Onboard Info, a supplier of software for electronic diaries, has secured £608,000 of funding since Venturefest from a syndicate led by NatWest IT Fund and Cambridge Research and Innovation.
Founder Ray Eitel Porter puts his success in raising capital down to confidence in his management team. `We have a well-defined belief in the market opportunity and its defendability. It’s important to identify the right sources of funding: some will fund widgets, others software. We also feel it is critical to have partnerships with leading brand names, which in our case include The Economist and the AA.’
By contrast, iOra already had a product on the market but still found funding hard to come by.
Managing director Paddy Falls had raised £200,000 to produce and launch SoftCD, a CD-Rom which is remotely updateable via the internet, to distribute sales and technical information to remote users. Set up in 1997, the company sought further funding at Venturefest. Falls says: `It was a useful forum but we didn’t get as much positive feedback as we had hoped.’
Fortunately £2m was raised later from venture capital outfit MTI. Falls says: `MTI is different from most venture capital firms as it is prepared to invest a large amount at an early stage. Though we had released a product, there was hardly any revenue from it and we were looking for a large round of investment to realise the opportunities.’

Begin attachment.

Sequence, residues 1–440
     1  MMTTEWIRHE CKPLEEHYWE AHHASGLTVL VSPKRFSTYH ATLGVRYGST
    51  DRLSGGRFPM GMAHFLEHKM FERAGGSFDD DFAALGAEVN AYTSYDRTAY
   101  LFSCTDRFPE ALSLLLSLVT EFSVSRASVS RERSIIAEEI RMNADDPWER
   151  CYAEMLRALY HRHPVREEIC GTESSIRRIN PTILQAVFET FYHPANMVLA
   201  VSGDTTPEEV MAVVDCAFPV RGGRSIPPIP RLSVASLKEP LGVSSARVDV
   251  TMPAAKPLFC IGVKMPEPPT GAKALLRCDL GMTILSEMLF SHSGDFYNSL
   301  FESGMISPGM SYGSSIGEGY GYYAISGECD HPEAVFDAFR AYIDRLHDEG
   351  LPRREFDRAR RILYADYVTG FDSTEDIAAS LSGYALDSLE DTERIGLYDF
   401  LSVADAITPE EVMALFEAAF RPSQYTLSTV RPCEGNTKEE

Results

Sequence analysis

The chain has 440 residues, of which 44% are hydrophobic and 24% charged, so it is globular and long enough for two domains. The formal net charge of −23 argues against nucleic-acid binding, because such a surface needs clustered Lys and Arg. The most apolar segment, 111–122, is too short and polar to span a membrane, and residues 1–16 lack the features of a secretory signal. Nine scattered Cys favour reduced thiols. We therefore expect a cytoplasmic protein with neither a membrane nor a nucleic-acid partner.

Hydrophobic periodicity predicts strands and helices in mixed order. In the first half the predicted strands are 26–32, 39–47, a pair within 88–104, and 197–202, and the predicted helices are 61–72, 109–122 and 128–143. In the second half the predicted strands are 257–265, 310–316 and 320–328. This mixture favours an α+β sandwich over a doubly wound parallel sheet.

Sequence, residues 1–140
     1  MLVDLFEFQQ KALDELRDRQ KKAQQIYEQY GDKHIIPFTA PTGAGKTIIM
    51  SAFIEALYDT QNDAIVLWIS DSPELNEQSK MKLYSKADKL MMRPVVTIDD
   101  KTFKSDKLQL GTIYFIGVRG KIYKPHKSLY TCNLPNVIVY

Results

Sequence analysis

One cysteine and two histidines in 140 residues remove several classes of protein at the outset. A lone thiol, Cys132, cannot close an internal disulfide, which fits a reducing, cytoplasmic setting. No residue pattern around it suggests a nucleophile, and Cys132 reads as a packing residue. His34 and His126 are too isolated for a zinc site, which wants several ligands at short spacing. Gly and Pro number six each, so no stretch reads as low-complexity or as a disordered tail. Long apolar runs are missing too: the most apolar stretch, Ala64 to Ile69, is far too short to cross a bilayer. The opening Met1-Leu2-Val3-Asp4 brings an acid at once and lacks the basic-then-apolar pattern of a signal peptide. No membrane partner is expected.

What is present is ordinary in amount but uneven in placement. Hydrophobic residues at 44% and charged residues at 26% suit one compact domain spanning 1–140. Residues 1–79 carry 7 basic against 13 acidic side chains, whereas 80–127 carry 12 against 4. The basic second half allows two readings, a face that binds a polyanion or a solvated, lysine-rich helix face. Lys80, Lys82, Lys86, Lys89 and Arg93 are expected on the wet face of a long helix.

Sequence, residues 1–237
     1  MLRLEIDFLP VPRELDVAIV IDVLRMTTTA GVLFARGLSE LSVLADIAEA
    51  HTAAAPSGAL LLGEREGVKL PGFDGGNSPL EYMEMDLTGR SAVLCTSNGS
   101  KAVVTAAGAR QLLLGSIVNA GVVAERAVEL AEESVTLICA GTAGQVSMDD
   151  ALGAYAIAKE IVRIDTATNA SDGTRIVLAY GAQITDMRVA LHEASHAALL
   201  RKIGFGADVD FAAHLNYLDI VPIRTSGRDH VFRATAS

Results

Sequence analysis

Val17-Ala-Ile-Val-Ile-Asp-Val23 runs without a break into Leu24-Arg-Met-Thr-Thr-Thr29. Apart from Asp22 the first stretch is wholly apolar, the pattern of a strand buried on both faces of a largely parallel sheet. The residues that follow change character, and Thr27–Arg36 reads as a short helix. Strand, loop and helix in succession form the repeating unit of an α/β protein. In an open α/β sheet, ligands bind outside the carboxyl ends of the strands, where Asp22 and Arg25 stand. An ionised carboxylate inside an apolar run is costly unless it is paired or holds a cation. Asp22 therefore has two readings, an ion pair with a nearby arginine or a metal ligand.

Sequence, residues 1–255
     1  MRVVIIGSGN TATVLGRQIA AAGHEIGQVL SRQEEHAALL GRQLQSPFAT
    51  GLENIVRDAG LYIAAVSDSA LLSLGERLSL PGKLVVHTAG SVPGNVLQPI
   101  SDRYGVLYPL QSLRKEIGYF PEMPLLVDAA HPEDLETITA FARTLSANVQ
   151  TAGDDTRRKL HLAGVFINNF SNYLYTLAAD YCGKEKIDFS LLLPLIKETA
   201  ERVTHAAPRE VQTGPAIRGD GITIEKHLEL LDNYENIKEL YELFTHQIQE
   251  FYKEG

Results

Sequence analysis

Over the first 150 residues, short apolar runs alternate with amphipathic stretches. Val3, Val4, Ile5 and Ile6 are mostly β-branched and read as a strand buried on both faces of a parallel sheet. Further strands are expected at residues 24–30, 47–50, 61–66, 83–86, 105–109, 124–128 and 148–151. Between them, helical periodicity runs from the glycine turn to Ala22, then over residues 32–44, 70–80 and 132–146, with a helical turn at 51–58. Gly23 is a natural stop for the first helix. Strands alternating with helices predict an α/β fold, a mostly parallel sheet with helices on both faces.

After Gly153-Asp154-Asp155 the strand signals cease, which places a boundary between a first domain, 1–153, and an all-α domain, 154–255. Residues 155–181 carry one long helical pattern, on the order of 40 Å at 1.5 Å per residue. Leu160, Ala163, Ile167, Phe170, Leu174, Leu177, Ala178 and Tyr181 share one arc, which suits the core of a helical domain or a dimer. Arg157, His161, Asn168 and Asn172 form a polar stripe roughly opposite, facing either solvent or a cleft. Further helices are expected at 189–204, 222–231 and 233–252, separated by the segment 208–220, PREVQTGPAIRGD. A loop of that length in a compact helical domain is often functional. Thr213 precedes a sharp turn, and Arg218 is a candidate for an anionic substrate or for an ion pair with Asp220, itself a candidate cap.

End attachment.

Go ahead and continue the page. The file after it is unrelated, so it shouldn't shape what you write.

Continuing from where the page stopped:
He reckons there were several important factors in securing the funding. `We have expertise – the company was founded by four software engineers who in the 1980s had set up a software company which was later sold to Novell. We also have a few senior business angels on board, including chairman Mike Newton, previously MD of Dell. The market we are targeting is seen as a growth sector, and we have a good business plan.’
John Melotte of MTI says funding was forthcoming for iOra because `they matched our investment criteria. They had good underlying technology which was patentable, we liked the team, and we understood the market they were targeting. They were also at the prototype stage, which suits our investment profile.’